Harlech Castle in Gwynedd, Wales, is a Grade I listed medieval fortification built onto a rocky knoll close to the Irish Sea. It was built by Edward I during his invasion of Wales between 1282 and 1289. Over the next few centuries, the castle played an important part in several wars, withstanding the siege of Madog ap Llywelyn between 1294 and 1295, but falling to Prince Owain Glyndŵr in 1404. It then became Glyndŵr's residence and military headquarters for the remainder of the uprising until being recaptured by English forces in 1409.
During the 15th century Wars of the Roses, Harlech was held by the Lancastrians for seven years, before Yorkist troops forced its surrender in 1468, a siege memorialised in the song 'Men of Harlech'. Following the outbreak of the English Civil War in 1642, the castle was held by forces loyal to Charles I, holding out until 1647 when it became the last fortification to surrender to the Parliamentary armies. In the 21st century the ruined castle is managed by Cadw, the Welsh Government's historic environment service, as a tourist attraction.
UNESCO considers Harlech, with three others at Beaumaris, Conwy, Caernarfon, to be one of 'the finest examples of late 13th century and early 14th century military architecture in Europe', and it is classed as a World Heritage Site. The fortification is built of local stone and concentric in design, featuring a massive gatehouse that probably once provided high-status accommodation for the castle constable and visiting dignitaries. The sea originally came much closer to Harlech than in modern times, and a water-gate and a long flight of steps leads down from the castle to the former shore, which allowed the castle to be resupplied by sea during sieges. In keeping with Edward's other castles in the north of Wales, the architecture of Harlech has close links to that found in the County of Savoy during the same period, an influence probably derived from the Savoy origins of the main architect, James of Saint George.References:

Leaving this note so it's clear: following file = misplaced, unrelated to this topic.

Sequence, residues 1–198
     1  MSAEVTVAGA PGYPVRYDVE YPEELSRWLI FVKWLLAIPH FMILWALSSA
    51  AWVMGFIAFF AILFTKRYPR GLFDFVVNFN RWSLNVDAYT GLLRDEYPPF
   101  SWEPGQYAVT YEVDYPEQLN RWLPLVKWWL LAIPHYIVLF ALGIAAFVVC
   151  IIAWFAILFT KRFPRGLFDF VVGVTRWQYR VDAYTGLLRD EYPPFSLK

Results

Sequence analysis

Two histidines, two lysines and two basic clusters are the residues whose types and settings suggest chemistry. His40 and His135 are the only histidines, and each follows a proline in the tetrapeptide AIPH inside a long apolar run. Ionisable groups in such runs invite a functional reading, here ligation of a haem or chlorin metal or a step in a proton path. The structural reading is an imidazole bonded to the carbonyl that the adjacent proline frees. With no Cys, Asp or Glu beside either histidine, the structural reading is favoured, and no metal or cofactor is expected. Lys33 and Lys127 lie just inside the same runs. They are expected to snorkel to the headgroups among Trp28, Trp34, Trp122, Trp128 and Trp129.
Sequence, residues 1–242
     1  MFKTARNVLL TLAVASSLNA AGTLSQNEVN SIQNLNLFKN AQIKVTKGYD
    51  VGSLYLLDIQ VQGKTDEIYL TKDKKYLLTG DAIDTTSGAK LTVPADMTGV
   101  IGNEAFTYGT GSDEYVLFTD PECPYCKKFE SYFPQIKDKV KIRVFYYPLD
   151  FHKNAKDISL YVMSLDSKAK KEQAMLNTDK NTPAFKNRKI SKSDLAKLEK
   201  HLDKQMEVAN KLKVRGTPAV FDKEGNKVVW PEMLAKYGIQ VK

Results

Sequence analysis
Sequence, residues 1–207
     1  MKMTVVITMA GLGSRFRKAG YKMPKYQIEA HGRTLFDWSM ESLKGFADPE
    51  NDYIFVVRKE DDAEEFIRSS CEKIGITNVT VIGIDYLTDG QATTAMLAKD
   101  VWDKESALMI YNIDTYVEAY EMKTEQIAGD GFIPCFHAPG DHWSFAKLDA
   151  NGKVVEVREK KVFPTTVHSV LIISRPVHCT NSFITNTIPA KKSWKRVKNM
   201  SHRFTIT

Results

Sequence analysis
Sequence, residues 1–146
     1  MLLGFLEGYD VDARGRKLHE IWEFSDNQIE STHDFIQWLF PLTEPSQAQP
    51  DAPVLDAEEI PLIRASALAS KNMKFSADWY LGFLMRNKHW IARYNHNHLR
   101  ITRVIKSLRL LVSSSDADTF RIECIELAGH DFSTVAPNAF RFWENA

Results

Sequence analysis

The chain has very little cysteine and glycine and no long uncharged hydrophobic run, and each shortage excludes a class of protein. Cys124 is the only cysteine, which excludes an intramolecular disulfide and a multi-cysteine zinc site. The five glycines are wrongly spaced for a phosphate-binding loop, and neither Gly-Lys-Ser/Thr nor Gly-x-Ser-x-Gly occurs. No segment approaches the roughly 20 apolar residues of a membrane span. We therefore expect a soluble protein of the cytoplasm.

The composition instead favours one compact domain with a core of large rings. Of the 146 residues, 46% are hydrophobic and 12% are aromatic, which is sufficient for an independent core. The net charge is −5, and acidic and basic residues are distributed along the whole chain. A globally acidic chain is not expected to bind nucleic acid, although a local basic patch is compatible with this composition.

The Basilica of Santa Maria in Trastevere is one of the oldest churches of Rome. The basic floor plan and wall structure of the church date back to the 340s, and much of the structure to 1140-43. The first sanctuary was built in 221 and 227 by Pope Callixtus I and later completed by Pope Julius I.
The inscription on the episcopal throne states that this is the first church in Rome dedicated to Mary, mother of Jesus, although some claim that privilege belongs to the Basilica di Santa Maria Maggiore. A Christian house-church was founded here about 220 by Pope Saint Callixtus I (217-222) on the site of the Taberna meritoria, a refuge for retired soldiers. The area was made available for Christian use by Emperor Alexander Severus when he settled a dispute between the Christians and tavern-keepers.
The church underwent two restorations in the fifth and eighth centuries and in 1140-43 it was re-erected on its old foundations under Pope Innocent II.